The Law Commission has paved the way for video witnessing of deeds by calling on the government to set up an industry working group which could consider the matter.
In a report published yesterday, the commission also confirmed that the current law provided for electronic signatures and produced a statement of it to reassure those who have doubts.
The commission said the majority of respondents to its consultation on the electronic execution of documents supported the idea that “it should be possible to witness an electronic signature via video link and then attest the document”.
The commission called on the government to set up a multi-disciplinary industry group to “consider practical issues” relating to electronic execution, including “the technical aspects of remote witnessing, including protections which could be available to protect individuals executing deeds”.
The commission said that if, following the work of the group, video witnessing was still considered an “attractive” option, the government should consider legislating for it.
The commission said it proposed in the consultation that video witnessing of documents should be carried out either via a signing platform which the signatory and witness log into, or by the signatory emailing the document to the witness immediately after signing.
A majority of respondents (72%) said they preferred the platform because email was not “sufficiently secure”.
However the Law Society, City of London Law Society and Clifford Chance warned against backing a particular technological solution.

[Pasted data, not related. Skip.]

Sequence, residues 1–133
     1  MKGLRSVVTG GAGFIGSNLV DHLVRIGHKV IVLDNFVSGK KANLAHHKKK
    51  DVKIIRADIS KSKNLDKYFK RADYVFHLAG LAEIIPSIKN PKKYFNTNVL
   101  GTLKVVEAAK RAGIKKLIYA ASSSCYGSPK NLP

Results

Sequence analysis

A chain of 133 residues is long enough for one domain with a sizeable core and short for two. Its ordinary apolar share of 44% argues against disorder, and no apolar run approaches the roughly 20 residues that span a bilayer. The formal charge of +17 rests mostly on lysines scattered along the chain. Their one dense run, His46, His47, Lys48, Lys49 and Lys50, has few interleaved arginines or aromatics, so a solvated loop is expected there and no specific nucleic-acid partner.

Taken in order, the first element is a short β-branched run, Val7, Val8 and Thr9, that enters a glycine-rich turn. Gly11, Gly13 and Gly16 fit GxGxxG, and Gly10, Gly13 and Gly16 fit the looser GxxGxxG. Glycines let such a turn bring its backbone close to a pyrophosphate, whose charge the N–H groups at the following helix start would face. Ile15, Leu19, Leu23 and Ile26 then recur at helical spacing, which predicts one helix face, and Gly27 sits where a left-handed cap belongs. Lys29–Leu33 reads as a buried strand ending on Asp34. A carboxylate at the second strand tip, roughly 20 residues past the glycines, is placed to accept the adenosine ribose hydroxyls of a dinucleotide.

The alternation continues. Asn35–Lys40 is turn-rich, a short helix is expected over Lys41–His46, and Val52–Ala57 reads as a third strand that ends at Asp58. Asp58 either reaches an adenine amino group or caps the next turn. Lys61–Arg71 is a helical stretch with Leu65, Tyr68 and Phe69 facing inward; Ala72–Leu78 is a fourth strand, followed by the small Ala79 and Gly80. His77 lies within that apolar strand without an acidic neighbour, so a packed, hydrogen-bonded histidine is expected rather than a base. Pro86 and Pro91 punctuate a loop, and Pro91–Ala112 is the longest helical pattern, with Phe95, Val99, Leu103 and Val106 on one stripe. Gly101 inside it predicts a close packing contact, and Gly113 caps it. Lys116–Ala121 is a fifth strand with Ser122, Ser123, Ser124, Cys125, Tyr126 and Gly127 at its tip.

The Law Commission called for a wider review of the law of deeds, to consider “broad issues about the efficacy of deeds and whether the concept remains fit for purpose”, as well as issues raised by its consultees.
In its statement of the current law on electronic signatures, the commission said an electronic signature was capable of being used execute a document or deed provided that the signatory intended to authenticate it and any formalities relating to a particular document were satisfied.
It said the common law adopted a “pragmatic approach and does not prescribe any particular form or type of signature”.
For example, courts have held that a name typed at the bottom of an email or clicking an ‘I accept’ tick box on a website amounted to valid signatures.
However, the commission said that deeds required the physical presence of a witness, even where both the person executing the deed and the witness were using electronic signatures.
Stephen Lewis, commercial and common law commissioner, said: “Electronic signatures can offer quicker and easier transactions for businesses and consumers.
“Our report aims to provide an accessible statement of the law which makes it clear that an electronic signature can generally be used in place of a handwritten signature as long as the usual rules on signatures are met.”